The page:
John Angell James
My dear friends, I propose in this address to make some remarks on the Lord’s Supper, and to lay down some rules for the right observance of this solemn and affecting ordinance. You cannot fail to be struck with the truly spiritual nature of the Christian religion, and the contrast to Judaism, which, in this view of it, is presented to the careful observer. Speaking of the law of Moses, the apostle says, “They are only a matter of food and drink and various ceremonial washings–external regulations applying until the time of the new order.” Hebrews 9:10. Hence also the terms of depreciation in which he speaks of the ceremonial law, calling it the “flesh,” “the elements of this world,” “beggarly elements,” “the letter,” and other designations of similar import, 2 Cor. 3; Gal. 4:5. These rites and ceremonies, with all the visible pomp and splendor of the legal worship, were solemnly obligatory upon the Jews, because enjoined by God, and were proper for the church at that time, for it was then in a state of infancy and childhood, Gal. 4:1-3, and was not prepared for the full and clear revelation of unveiled truth it was taught by these shadows—as by a kind of hieroglyphic Bible in the hands of a schoolmaster.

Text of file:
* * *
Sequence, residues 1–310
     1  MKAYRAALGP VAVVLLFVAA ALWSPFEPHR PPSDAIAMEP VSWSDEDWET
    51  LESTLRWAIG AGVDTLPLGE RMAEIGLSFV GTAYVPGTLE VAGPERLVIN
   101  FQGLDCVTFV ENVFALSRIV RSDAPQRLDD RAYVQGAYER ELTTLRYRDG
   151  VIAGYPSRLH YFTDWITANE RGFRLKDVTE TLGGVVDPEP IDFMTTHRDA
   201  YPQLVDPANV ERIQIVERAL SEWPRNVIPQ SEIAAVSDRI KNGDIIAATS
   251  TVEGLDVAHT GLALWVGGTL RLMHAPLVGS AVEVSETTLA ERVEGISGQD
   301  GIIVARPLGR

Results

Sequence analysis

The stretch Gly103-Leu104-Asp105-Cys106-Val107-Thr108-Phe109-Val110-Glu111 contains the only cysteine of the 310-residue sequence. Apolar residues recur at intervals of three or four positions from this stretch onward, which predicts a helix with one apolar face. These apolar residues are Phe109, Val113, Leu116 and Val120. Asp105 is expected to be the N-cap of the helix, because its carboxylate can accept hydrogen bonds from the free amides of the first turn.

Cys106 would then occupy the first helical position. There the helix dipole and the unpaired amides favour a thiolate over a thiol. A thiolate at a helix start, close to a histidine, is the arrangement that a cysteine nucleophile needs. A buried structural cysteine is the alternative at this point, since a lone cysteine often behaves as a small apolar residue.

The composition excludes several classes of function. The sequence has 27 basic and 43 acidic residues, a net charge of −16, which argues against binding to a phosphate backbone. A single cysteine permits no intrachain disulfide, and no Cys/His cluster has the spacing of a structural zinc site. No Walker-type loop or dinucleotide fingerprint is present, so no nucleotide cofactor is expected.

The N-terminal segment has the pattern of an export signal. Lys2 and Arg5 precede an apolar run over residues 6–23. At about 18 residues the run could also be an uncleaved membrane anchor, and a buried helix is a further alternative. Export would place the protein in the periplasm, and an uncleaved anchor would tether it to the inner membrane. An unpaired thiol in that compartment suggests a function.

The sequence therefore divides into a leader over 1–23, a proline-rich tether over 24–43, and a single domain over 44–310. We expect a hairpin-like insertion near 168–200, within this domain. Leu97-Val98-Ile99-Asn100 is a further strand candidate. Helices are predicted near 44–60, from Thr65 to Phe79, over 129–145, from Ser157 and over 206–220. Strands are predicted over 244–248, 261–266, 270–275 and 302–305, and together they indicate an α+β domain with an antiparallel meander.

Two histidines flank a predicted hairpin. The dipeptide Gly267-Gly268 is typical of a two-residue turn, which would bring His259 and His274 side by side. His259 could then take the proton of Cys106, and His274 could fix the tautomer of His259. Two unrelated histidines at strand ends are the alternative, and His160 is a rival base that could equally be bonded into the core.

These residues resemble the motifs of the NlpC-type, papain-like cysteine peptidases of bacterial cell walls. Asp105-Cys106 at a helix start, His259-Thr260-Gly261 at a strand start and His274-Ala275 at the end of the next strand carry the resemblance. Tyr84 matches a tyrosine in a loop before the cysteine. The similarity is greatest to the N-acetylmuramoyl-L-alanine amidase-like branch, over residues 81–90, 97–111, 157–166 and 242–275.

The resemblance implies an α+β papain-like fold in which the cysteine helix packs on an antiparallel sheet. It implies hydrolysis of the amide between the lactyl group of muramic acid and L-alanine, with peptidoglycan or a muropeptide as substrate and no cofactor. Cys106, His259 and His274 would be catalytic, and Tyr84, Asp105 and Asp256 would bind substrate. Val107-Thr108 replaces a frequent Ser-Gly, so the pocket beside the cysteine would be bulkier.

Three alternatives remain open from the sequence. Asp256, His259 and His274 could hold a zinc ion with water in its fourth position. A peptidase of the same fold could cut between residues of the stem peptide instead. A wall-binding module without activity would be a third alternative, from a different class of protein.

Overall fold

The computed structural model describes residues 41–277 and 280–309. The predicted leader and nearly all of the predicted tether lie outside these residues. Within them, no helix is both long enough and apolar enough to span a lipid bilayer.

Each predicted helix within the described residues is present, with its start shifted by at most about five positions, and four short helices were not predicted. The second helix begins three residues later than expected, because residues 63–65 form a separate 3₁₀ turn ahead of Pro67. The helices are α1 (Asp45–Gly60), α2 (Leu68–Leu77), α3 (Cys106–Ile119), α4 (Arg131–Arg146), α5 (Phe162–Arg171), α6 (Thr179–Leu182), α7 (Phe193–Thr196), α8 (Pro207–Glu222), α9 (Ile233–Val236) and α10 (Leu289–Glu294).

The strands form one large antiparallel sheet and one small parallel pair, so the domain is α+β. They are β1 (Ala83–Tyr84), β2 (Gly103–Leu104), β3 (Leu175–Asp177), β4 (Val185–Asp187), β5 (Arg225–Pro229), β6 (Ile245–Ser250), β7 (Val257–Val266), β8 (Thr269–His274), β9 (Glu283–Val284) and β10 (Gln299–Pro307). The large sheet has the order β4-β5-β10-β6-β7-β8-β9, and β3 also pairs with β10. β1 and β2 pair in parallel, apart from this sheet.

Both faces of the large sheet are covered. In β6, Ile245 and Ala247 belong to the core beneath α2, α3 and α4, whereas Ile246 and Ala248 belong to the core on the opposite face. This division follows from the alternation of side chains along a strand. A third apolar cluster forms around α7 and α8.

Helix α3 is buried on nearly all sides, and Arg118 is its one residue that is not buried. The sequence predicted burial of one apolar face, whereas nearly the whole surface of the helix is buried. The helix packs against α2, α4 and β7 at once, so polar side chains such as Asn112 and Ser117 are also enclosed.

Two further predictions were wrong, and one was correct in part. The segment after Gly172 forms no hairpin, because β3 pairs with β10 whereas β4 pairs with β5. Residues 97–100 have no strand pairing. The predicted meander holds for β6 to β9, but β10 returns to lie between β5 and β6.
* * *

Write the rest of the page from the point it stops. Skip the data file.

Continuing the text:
But when Christ came, who was the substance of this shadowy system, truth was no longer to be principally taught by ceremony—but by doctrine; not by rites, which, however gorgeous, were still obscure—but by explicit and plain declaration. This is the true distinction between Judaism and Christianity; the truths taught are the same in both—but the manner of teaching is essentially different. This is the meaning of the expression, “The law was given by Moses—but grace and truth came by Jesus Christ,” John 1:17. The word, “truth,” here stands opposed, not to falsehood—but to shadow. So again, our Lord in his discourse with the woman of Samaria, tells her that the hour was coming when ‘sanctity of place’, as the seat of Divine worship, would be abolished—and men would every where worship God, who is a Spirit, “in Spirit and in truth,” John 4:23, 24; that is, he would be worshiped not only in sincerity with the heart, for such worship God required under the law—but with spiritual offerings of truth, instead of ceremonial and shadowy ones. Continue reading